E3 is a particularly bad place for introspection. It’s not an easy place for emotional or gameplay subtlety, no matter how many sad songs play over Metal Gear Solid videos. Companies are there to show you some cinematics, patch together some bombastic trailers, and (hopefully) set you free for 20 minutes to play in their sandbox. That’s not a good thing. It does, however, go a long way towards explaining why bloody spectacles can be so common.

Despite these problems, I don’t actually want to excise the ideas that lead to gameplay violence. A lot of the backlash against AAA franchises has focused on the power fantasies these games offer. But I’m not convinced power fantasies are inherently a bad thing. There’s a place for utopianism in fiction and gaming, for creating a world where people have the freedom to influence their world and do things they’d never be able to in reality. The problem is that we don’t seem to have many ways to define power that aren’t built around violence.

Batman: Arkham Origins, another of my favorite demos at E3, was technically non-lethal, with an emphasis on the technically — thugs might have been alive at the end, but only after I’d broken their legs and maybe impaled them with a grappling hook. I felt queasy watching Batman knock out man after man with bone-crushing force. But there’s no feeling like flipping across an alley with superhuman speed, dodging someone’s arm and vaulting behind them to attack. I don’t care how many meditations on family life and solitude I play, I am never going to get tired of things that let me feel physically free and competent.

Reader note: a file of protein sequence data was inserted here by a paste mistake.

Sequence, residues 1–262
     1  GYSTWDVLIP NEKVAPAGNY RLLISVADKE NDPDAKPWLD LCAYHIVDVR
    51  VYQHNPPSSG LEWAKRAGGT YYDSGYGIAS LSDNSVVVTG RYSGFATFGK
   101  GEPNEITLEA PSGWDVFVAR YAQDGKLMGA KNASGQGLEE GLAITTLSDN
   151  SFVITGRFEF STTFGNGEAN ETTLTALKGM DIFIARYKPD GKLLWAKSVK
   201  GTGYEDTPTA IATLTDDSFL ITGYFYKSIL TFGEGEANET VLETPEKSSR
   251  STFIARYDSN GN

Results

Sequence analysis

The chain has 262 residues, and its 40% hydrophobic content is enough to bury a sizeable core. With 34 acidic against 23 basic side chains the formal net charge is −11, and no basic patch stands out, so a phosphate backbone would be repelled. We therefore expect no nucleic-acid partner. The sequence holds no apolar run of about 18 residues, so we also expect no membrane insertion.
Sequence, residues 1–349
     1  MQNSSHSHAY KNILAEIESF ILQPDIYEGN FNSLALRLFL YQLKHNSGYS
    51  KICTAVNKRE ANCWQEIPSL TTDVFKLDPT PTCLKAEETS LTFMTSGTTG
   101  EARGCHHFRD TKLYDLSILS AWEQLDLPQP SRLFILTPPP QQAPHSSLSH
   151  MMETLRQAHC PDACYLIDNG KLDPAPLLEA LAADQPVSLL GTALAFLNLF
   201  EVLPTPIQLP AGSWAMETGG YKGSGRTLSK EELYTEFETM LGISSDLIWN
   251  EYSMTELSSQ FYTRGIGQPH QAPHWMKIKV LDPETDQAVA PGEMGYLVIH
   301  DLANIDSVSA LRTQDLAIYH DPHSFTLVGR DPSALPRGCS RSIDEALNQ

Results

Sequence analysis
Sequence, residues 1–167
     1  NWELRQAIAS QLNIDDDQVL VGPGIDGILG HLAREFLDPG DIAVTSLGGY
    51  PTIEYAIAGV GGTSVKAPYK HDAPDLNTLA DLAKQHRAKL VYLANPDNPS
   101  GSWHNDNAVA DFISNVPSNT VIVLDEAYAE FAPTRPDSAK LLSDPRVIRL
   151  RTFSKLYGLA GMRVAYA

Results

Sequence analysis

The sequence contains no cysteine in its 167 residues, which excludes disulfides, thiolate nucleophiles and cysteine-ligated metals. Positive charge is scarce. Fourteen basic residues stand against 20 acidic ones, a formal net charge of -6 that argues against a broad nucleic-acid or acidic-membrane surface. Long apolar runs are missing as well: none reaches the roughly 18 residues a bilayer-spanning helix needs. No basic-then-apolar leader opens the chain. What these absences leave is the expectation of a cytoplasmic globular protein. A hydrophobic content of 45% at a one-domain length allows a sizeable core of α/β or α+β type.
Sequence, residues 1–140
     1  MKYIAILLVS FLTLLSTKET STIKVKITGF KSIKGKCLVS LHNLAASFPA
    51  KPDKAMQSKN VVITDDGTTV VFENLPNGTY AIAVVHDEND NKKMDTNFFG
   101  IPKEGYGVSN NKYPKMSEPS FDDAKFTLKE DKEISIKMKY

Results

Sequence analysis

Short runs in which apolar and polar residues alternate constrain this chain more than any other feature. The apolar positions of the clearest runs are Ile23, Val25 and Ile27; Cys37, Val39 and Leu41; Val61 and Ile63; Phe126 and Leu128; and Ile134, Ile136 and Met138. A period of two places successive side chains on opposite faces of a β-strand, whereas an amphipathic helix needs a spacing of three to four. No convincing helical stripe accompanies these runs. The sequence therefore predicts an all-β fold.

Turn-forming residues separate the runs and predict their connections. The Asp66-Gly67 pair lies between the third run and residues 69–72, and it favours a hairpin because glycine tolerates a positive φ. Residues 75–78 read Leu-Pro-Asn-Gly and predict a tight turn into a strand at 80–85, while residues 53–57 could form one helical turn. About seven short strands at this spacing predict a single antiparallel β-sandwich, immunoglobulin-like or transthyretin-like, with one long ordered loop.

What does freedom without violence look like? It could come in the form of one of the most highly celebrated (though still combat-heavy) announcements at E3: a new game in the parkour-focused Mirror’s Edge series. In many ways, Mirror’s Edge was deeply flawed. When it was good, though, it did something incredible. It gave me a sense of complete agency — sliding down buildings and flying over gaps — that didn’t depend primarily on being able to hurt other people. And it made me feel like I had earned it.

The most limiting part of Mirror’s Edge? Honestly? It was the guns.


Illustration by Dylan Lathrop.